Using Item Response Times in Online Questionnaires to Detect Mild Cognitive Impairment

General Information

Using Item Response Times in Online Questionnaires to Detect Mild Cognitive Impairment
Stefan Schneider, PhD, Doertes U Junghaenel, PhD, Erik Meijer, PhD, Arthur A Stone, PhD, Bart Orriens, PhD, Haomiao Jin, PhD, Elizabeth M Zelinski, P
Publication Type
Journal paper
The Journals of Gerontology: Series B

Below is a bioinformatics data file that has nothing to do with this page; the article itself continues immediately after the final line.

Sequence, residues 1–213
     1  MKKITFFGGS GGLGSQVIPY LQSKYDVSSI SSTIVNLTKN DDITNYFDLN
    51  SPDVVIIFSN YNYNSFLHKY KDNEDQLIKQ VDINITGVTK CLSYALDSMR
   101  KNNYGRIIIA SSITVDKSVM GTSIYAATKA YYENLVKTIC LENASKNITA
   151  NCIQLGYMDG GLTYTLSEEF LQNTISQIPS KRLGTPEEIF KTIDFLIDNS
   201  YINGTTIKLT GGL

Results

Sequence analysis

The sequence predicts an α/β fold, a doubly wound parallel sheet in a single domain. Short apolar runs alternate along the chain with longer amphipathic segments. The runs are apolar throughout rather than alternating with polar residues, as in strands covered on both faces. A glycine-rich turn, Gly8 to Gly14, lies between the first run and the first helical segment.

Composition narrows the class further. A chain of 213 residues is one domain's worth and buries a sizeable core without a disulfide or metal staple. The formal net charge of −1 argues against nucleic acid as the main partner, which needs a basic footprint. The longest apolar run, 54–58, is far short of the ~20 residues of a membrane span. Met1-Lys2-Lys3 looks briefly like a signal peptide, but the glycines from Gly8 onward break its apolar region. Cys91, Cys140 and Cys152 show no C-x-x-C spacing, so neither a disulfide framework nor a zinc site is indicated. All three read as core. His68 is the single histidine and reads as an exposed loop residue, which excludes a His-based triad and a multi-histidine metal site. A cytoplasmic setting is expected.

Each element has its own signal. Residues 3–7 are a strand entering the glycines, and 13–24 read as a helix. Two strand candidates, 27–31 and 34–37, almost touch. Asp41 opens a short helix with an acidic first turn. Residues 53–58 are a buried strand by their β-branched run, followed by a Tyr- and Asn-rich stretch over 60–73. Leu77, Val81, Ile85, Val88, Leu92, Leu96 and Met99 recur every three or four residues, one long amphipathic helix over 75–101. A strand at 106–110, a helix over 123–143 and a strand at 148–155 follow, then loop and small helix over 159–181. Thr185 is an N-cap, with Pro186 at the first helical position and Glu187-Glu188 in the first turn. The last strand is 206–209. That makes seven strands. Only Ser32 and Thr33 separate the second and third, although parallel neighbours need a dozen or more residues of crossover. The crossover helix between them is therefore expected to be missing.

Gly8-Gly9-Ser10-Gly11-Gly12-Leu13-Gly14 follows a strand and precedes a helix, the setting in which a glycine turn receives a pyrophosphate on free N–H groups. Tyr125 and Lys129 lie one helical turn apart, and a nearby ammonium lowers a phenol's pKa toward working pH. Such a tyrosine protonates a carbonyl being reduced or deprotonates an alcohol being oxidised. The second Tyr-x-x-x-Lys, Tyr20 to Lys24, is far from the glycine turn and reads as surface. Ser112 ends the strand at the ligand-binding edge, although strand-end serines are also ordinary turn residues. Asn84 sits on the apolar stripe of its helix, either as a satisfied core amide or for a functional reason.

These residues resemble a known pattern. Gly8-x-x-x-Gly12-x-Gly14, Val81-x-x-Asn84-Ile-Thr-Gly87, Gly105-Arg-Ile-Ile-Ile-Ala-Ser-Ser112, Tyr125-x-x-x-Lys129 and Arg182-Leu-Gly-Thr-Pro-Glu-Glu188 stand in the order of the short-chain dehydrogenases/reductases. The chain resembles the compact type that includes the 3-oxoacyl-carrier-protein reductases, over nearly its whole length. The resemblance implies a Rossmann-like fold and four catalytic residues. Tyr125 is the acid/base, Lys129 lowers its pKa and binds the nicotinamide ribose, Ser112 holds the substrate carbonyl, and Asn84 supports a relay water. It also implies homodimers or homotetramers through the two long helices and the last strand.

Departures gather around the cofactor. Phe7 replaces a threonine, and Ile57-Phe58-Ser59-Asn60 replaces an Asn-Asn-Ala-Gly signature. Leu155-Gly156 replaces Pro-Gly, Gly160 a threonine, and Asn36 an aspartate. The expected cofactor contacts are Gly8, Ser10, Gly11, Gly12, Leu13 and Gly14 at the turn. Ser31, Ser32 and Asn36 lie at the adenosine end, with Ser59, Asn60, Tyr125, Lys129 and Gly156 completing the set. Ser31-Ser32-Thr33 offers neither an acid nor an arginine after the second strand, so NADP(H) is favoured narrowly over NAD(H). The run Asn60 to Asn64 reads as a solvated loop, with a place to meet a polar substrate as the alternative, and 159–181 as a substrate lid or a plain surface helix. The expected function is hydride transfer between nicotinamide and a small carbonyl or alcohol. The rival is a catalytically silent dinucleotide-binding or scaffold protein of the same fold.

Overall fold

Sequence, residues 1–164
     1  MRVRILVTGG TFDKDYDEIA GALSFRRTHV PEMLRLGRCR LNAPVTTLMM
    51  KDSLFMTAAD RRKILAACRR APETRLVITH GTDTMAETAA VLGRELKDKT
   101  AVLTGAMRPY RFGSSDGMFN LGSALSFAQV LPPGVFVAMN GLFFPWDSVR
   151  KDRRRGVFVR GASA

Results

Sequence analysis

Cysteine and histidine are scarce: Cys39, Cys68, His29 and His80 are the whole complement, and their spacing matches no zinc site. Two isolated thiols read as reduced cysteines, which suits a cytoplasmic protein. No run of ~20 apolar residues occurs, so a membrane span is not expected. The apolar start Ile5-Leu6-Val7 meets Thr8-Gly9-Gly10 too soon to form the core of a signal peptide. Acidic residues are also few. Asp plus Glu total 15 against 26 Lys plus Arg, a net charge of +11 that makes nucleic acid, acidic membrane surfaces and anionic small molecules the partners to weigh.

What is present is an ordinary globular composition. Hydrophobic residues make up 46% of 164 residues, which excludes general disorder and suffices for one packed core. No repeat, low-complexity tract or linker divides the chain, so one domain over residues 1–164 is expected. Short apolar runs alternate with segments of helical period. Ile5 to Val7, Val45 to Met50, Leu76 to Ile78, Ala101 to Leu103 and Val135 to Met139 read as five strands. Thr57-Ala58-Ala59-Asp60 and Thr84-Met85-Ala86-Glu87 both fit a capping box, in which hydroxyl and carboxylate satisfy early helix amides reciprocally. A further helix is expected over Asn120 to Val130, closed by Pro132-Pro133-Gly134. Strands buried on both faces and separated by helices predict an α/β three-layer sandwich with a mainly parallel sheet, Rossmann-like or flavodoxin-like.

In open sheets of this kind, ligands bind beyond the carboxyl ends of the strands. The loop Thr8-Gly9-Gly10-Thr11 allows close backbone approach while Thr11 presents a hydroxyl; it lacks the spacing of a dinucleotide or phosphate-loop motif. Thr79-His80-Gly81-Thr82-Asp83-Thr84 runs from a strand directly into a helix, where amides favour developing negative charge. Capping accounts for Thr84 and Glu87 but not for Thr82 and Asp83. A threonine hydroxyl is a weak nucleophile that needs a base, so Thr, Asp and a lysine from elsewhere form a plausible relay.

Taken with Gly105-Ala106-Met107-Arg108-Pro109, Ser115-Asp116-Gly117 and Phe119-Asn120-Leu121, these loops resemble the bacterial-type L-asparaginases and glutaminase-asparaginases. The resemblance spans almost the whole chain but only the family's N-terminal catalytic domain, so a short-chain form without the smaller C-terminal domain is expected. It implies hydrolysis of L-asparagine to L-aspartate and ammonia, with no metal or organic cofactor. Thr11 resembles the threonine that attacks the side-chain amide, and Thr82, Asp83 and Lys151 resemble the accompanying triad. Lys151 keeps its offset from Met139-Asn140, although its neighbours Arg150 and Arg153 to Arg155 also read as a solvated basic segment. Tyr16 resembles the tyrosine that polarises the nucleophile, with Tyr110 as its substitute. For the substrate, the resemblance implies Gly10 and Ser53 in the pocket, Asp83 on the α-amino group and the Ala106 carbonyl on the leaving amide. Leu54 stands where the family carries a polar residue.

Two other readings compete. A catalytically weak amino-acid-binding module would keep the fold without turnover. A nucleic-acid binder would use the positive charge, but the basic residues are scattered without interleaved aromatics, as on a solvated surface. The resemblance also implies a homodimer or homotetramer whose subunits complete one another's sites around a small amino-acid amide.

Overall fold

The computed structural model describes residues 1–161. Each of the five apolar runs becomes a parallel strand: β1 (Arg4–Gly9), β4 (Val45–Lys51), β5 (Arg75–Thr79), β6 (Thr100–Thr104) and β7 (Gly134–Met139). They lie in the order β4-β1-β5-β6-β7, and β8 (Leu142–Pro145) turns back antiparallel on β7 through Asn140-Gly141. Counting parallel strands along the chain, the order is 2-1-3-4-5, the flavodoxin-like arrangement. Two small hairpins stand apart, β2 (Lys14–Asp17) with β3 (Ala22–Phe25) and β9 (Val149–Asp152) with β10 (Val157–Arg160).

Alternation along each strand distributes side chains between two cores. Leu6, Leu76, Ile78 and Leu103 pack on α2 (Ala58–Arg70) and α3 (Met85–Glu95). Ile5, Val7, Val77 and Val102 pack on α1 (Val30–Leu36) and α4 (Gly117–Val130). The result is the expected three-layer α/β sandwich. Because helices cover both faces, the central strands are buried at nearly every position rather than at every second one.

Objectives With the increase in web-based data collection, response times (RTs) for survey items have become a readily available byproduct in most online studies. We examined whether RTs in online questionnaires can prospectively discriminate between cognitively normal respondents and those with cognitive impairment, no dementia (CIND). Method Participants were 943 members of a nationally representative internet panel, aged 50 and older. We analyzed RTs that were passively recorded as paradata for 37 surveys (1,053 items) administered online over 6.5 years. A multilevel location-scale model derived 3 RT parameters for each survey: (1) a respondent’s average RT and 2 components of intraindividual RT variability addressing (2) systematic RT adjustments and (3) unsystematic RT fluctuations. CIND status was determined at the end of the 6.5-year period. Results All 3 RT parameters were significantly associated with CIND, with a combined predictive accuracy of area under the receiver-operating characteristic curve = 0.74. Slower average RTs, smaller systematic RT adjustments, and greater unsystematic RT fluctuations prospectively predicted a greater likelihood of CIND over periods of up to 6.5, 4.5, and 1.5 years, respectively. Discussion RTs for survey items are a potential early indicator of CIND, which may enhance analyses of predictors, correlates, and consequences of cognitive impairment in online survey research.